Minneapolis officials are figuring out how to make it easier for people living in the U.S. illegally to obtain a “U” visa — a temporary protection for victims of crimes who assist in prosecution.
It’s the latest in a series of moves the City Council has made to protect immigrants living in the city at a time when federal policies are making it tougher to enter and live in the United States.
In Minneapolis, people seeking a U visa can go to the Minneapolis Police Department, the city attorney’s office or the Department of Civil Rights. A new ordinance, the details of which have yet to be finalized, would lay out the process in the city code.
“The idea here is more just to provide some regularization for what is already happening in the city,” said Council Member Elizabeth Glidden, who introduced the ordinance Nov. 17.
The 2000 Victims of Trafficking and Violence Prevention Act created the U visa, which allows people living in the U.S. illegally to stay in the country and eventually apply for a green card if they are helpful in the investigation of a crime committed against them. Once someone seeking a U visa is certified at the local level, they are eligible to enter an annual lottery to obtain the visa.
But people may avoid the process altogether because they’re hesitant to engage with local law enforcement, said Daniel Romero, a leader with the Minnesota Immigrant Rights Action Committee (MIRAC).
MIRAC members have raised concerns about people living in the U.S. illegally having to interact with the Minneapolis Police Department, which handles most U visa applications. The worry, Romero said, is that they will end up in jail once their immigration status comes to light and be deported before they can get a U visa.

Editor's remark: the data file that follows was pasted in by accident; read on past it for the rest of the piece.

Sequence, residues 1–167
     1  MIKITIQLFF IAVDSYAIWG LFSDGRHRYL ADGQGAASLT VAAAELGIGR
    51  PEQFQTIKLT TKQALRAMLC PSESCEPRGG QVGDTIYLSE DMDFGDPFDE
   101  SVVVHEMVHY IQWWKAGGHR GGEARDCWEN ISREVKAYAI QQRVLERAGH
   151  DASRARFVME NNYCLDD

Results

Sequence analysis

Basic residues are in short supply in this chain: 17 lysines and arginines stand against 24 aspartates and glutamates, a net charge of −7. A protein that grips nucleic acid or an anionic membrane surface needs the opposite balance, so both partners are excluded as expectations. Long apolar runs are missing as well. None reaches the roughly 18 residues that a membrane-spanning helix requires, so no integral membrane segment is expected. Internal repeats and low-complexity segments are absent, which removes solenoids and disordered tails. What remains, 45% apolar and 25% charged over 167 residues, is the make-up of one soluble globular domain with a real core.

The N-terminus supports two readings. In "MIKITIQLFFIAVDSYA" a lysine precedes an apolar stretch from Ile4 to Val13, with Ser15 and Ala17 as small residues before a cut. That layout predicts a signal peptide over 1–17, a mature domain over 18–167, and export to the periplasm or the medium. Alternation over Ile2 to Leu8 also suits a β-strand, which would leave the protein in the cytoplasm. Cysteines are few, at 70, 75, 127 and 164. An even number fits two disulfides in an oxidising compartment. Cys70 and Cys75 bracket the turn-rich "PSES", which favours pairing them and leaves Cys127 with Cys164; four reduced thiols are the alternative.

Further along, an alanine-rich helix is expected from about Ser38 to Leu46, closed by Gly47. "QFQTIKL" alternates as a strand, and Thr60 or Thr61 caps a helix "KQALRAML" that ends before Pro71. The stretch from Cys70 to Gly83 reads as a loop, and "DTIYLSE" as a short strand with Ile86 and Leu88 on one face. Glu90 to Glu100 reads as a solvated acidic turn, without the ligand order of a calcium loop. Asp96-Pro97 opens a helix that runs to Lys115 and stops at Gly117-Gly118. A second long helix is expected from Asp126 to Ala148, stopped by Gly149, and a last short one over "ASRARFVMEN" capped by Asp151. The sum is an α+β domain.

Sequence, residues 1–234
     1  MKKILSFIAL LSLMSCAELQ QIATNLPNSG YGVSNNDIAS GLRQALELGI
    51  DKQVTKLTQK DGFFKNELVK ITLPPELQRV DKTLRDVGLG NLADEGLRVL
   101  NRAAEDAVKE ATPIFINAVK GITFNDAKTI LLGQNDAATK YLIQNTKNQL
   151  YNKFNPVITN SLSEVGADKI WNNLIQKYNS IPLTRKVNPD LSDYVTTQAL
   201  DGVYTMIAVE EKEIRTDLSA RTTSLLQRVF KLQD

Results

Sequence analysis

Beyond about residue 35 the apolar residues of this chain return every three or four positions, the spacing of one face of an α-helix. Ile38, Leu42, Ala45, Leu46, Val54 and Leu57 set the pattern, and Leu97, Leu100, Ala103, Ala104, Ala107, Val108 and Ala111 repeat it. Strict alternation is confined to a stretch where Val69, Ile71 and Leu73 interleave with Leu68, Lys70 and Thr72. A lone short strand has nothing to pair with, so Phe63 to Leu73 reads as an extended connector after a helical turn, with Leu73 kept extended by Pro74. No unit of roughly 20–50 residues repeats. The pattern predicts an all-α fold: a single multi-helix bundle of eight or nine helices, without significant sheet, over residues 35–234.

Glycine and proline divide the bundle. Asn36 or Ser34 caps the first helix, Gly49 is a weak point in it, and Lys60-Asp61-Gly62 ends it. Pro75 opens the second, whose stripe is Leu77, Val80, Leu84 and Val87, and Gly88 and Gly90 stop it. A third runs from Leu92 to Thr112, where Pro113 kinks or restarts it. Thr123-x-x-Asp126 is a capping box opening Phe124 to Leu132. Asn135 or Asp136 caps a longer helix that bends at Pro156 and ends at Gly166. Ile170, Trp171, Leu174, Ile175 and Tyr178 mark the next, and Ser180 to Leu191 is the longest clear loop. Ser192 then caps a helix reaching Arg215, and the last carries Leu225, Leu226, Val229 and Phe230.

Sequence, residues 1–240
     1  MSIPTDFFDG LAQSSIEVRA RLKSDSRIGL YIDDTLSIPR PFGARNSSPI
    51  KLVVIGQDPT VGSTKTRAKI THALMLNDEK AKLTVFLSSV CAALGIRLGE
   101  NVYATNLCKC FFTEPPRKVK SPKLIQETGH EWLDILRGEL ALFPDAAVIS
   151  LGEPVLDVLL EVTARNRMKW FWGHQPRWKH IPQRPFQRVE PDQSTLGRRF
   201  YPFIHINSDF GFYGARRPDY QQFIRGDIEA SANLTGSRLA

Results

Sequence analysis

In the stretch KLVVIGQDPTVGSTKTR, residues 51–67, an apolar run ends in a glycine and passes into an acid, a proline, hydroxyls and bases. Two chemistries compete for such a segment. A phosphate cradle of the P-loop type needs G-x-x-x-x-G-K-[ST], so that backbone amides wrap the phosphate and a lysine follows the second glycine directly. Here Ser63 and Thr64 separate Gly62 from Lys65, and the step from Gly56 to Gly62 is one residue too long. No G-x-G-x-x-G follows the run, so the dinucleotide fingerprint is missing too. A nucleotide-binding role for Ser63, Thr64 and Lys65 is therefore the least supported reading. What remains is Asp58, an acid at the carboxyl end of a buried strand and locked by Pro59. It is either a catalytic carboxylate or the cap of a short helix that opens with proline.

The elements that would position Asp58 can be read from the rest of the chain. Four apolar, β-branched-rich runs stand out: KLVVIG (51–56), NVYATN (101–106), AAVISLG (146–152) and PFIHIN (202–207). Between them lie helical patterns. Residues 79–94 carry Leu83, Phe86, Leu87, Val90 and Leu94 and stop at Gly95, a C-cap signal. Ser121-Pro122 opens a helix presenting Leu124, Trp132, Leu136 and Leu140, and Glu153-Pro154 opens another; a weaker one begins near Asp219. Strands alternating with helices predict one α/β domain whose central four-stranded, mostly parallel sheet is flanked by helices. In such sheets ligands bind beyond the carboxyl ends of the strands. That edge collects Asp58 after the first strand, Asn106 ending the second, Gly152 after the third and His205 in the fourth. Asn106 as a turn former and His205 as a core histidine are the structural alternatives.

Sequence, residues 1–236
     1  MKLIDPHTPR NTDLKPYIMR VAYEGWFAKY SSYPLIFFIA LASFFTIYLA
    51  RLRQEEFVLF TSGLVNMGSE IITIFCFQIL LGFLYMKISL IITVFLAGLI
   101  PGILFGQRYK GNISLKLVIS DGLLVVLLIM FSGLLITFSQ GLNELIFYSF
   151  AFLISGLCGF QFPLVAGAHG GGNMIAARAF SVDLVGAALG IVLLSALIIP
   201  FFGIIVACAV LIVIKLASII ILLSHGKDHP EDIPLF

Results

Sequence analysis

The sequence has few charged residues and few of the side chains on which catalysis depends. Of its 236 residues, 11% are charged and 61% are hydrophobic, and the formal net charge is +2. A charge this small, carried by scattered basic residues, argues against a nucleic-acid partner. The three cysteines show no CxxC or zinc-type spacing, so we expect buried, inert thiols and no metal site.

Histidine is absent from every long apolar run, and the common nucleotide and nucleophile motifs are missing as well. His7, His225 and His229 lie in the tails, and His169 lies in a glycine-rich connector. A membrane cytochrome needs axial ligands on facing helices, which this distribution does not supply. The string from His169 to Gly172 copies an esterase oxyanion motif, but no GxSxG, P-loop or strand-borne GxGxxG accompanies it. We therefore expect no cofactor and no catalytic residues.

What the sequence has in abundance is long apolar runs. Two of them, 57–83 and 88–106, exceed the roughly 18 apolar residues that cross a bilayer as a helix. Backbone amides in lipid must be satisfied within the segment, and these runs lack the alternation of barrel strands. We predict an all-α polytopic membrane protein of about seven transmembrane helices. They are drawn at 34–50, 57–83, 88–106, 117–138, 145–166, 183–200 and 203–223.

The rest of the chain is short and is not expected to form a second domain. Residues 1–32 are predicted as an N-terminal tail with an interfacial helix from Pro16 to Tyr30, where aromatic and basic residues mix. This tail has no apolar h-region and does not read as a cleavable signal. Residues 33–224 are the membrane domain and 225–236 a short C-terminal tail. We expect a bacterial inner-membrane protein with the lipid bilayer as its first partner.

In September, MIRAC brought its 13-point “Minneapolis Sanctuary Platform” to a City Council meeting and demanded city officials take action to protect immigrants. A Minneapolis police policy guaranteeing certification of all U visas — and expediting the process for applicants facing deportation — is part of the Sanctuary Platform.
The Sanctuary Platform also calls on the city to create a municipal ID that would be available to all Minneapolis residents. Council Member Alondra Cano introduced a municipal ID ordinance in October.
Though the specific language in Glidden’s U visa ordinance is still being worked out, it’s possible that it will ease some of the existing concerns. City Attorney Susan Segal said the ordinance could modify Minneapolis’ U visa process so all applications are reviewed by one appointed person, and people facing deportation get an expedited review.
“The underlying principle in why this kind of visa was included in federal immigration law to begin with is a really good one,” Segal said. “You want victims of crime to be able to come forward, and you want to encourage that, regardless of whether they’re documented or undocumented.”